So thanks to the vastly (and, obviously, maddeningly) overrated Di Fara’s, plain slices in NYC will probably be $3 by the end of the summer. And I can’t even enjoy a $2.25 slice now, while it still exists, because I’m on a goddamn diet. SO I WANT TO KILL EVERYONE NOW.
The Giglio [weight: 3+ tons—KK] is a statue on top of about a 65- or 70-foot tower decorated to look like a lily, and the statue on top is St. Paulinus. The Giglio is made up of a steel and aluminum frame, and it’s in three or four sections that are hoisted into place with a crane. The face of the Giglio, which is the lily, is made out of papier- maché and wood and cardboard tied to the frame ... and the face of the statue is painted. So the statue of Paulinus sits at the very top of the lily tower, and on the base is a 10-piece band that plays music (and the guys in the band like to eat - they’re pretty heavy!) and the Giglio “dances” to that music when lifted.
So why do neighborhood men risk throwing out their backs to hoist it?
Well, it’s a reenactment of the ritual that took place. Roughly about 100-130 guys pick up the statue, and the statue is lifted several times through the afternoon, and we dance through the streets to the music. And then, of course, the boat [another 3 tons, requiring another 100 men] is lifted at the same time, which signifies St. Paulinus coming back to Nola, and the Giglio is the lily meeting him. And the boat and the Giglio are lifted together a few times during the festival and come together. The dancing of the Giglio happens three different times during the 11-day festival, beginning today.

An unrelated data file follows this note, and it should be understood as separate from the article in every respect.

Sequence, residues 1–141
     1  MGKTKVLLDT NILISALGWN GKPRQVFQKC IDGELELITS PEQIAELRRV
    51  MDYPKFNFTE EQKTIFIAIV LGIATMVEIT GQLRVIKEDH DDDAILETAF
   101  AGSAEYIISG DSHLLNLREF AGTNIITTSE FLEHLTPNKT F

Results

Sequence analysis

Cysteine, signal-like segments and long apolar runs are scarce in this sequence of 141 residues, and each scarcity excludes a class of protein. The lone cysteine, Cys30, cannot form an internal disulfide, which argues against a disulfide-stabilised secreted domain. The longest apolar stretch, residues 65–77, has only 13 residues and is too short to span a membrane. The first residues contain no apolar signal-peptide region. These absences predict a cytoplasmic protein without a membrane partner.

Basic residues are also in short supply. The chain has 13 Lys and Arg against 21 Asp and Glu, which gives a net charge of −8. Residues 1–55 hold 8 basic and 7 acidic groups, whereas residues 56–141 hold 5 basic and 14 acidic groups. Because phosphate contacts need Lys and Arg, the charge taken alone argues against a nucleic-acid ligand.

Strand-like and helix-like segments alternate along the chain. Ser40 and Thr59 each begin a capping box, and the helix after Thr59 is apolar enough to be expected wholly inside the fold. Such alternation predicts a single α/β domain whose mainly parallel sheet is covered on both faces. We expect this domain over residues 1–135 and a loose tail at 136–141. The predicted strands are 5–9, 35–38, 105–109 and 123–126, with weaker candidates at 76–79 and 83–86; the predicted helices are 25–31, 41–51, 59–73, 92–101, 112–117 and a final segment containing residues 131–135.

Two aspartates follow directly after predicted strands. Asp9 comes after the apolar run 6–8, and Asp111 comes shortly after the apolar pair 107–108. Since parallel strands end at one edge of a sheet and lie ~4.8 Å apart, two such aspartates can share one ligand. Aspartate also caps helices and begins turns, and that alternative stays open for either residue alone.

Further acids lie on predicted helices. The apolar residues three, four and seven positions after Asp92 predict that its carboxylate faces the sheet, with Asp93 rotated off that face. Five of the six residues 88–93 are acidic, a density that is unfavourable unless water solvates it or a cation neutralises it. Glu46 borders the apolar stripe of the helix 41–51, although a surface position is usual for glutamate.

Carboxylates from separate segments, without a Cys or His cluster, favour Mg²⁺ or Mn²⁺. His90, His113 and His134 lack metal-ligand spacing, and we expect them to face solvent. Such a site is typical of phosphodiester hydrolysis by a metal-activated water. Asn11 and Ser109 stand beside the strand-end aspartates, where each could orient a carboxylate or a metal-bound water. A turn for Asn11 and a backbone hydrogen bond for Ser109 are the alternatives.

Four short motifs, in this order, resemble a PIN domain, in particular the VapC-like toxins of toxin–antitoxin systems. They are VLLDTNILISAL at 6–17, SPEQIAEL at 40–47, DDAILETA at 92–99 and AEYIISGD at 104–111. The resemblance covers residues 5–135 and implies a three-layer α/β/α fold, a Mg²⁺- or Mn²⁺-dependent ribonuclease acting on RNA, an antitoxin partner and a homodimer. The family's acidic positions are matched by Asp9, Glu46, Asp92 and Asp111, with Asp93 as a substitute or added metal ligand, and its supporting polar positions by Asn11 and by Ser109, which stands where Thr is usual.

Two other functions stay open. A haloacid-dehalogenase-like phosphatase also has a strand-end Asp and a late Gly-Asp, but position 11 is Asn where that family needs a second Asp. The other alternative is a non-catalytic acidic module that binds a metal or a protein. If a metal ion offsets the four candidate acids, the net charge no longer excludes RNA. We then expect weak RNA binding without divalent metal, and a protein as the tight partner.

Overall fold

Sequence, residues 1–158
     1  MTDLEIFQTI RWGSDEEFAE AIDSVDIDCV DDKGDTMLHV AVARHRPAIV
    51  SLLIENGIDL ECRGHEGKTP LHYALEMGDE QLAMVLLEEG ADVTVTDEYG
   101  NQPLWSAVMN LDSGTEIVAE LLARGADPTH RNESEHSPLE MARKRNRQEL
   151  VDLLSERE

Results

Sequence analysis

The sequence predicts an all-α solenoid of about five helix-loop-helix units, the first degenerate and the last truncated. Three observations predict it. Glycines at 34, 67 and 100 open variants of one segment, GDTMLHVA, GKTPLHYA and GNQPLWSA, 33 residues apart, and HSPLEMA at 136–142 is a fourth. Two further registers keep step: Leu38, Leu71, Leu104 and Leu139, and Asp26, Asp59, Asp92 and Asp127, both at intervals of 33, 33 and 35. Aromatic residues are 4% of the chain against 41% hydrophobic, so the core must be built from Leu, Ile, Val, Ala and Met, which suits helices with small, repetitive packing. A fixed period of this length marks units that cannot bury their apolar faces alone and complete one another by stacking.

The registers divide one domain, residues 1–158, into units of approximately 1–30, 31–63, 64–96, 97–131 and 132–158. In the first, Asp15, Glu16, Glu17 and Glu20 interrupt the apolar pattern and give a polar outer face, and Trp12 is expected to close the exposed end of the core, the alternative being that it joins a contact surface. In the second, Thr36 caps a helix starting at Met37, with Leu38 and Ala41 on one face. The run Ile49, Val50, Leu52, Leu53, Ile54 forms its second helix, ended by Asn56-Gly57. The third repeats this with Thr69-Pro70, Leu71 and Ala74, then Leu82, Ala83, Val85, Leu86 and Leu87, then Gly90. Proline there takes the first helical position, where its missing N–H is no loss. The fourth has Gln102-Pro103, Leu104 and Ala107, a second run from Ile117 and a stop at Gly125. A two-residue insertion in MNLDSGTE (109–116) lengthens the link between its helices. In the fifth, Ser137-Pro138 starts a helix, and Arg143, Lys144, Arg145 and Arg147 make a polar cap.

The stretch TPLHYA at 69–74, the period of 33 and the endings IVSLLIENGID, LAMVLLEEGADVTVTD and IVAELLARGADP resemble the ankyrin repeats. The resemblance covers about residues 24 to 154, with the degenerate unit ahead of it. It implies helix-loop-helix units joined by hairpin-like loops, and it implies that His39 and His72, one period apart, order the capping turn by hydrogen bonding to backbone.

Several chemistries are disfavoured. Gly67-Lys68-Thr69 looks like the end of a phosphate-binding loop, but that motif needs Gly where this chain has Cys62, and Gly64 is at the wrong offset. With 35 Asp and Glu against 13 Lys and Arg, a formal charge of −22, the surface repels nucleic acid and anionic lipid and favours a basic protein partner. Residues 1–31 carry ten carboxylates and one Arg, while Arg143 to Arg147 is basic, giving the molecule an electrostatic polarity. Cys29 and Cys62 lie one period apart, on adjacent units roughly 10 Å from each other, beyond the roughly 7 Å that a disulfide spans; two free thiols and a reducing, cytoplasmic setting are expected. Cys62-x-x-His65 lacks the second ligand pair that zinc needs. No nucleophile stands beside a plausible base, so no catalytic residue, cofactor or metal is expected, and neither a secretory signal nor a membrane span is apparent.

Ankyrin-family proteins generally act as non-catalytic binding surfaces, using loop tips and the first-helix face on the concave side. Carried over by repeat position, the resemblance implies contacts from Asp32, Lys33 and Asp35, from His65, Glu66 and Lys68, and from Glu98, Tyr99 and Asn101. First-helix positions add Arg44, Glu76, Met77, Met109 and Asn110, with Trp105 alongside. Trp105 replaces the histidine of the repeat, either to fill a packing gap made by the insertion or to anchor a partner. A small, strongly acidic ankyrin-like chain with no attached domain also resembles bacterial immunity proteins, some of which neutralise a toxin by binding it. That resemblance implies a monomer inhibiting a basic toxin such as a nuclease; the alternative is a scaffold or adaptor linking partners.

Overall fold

Not only is this a bad idea because it’s impossible to scrape together ten Oscar-worthy films in any given year, but why would you do this when you’ve got an awards show that’s renowned for running painfully long? I’m with the wingnuts now. Fuck Hollywood!
p.s. If you’re a NYer (or maybe even if you’re not), you should definitely bookmark and/or blogroll The Village Voice‘s Runnin’ Scared. Roy Edroso of alicublog is doing a bang up job running it and it’s become a daily read for me.
Wed Mar 25, 2009 11:44 am EST
I heard that there was a fire at the dry cleaners on 9th st and 8th ave this morning. Lots of fire trucks and ambulances. I know this is where they’re also setting up to film the Nicholas Cage movie tonight and tomorrow. I wonder if they film equipment or cables started the fire? Or how this will affect their filming. Anyone have more info on this?
Wed Mar 25, 2009 11:45 am EST
if it keeps nick cage from making another movie it could be seen as a blessing.
SIDE NOTE: Is my lovely wife Chris the only person who’s driven crazy by Cage’s lack of sideburns over the past several years? I may have to go track down his trailer and plead with him to grow them back.